Sustainable energy co-op company Energise Sussex Coast, which partners Hastings Borough Council (HBC) in pursuing the latter’s net zero carbon target, has filed a formal letter of objection to the plans lodged by Seachange Sussex for development of a commercial site at North Queensway. The reason – according to Energise, the proposed provision of heating by gas boiler rather than renew-able energy flies in the face of
the Council’s aim of promoting Hastings as a pioneering low carbon town. 

Seachange, whose board of directors no longer includes HBC leader Kim Forward – see here – but has been joined recently by Cllr Nick Bennett, Lead Member for Resources and Climate Change on East Sussex County Council, has been awarded £3.5 million pounds of public investment funds to build over 4,000 square metres of
light industrial units at North Queensway. It is applying to HBC for planning permission. The project has already come under fire from Natural England, Sussex Wildlife Trust and nearly two hundred other objectors concerned at the potential effect of such development on the adjoining nature reserve at Marline Valley. Now Energise has branded it an “unnecessary, unsustainable and environmentally damaging proposal”, and calls on the Council planners to “avoid public exposure and embarrassment” that would arise if they consent to it.

The element of Seachange’s application which draws Energise’s particular fire is its Sustainability Statement, lodged with other documents in April. This argued that using gas boilers would ensure that the scheme was optimally efficient whilst minimising the emission of pollutants including carbon dioxide and nitrous oxide.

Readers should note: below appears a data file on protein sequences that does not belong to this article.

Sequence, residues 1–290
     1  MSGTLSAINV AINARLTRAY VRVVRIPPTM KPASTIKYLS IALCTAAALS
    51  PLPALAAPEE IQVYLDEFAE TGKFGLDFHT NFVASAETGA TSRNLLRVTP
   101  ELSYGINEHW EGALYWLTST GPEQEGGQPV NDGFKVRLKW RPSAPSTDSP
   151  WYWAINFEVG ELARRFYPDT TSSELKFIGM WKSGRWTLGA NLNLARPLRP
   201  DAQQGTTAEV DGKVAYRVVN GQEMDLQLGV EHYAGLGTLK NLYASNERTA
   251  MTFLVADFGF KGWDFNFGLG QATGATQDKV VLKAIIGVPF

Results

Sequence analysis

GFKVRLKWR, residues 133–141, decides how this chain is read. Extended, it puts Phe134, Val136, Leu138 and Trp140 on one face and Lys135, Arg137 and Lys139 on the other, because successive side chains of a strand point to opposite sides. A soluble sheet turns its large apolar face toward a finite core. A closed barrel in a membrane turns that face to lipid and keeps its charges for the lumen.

It is described by Energise as making “a number of misleading and inaccurate claims”. Seachange is accused of over-inflating the prospective costs of supplying energy from solar roof panels and failing to recognise the comparative carbon efficiency of heat pumps over gas boilers. 

Energise points out that the government has, for reasons of its own zero-carbon commitment, brought forward a ban on gas installations for new builds from 2025 to 2023. How is continued reliance on gas compatible with HBC’s declaration of climate emergency? 

Protest rally

In the meantime, objectors will be staging a protest rally this Sunday (8th August) at the development site off Queensway, organised by Seachangewatch, the pressure group which monitors the activities of Seachange. The rally will start at 2pm, feature several speakers, and offer a guided tour of the nature reserve.

Co-ordinator Andrea Needham said “Seachange Sussex has been given £3.5m of public money for this destructive project and is utterly ignoring the calls from Natural England to take steps to protect Marline Valley. We are calling on Hastings Borough Council to refuse the planning application, which threatens yet another of our precious green spaces. It is also completely unsustainable, in a location very difficult to reach except by car, and with the proposed units all to be heated by gas boilers. Hastings Council has declared a climate emergency; if it now grants permission for this biodiversity-reducing, climate change-inducing project, the hollowness of that declaration will be exposed once and for all.”

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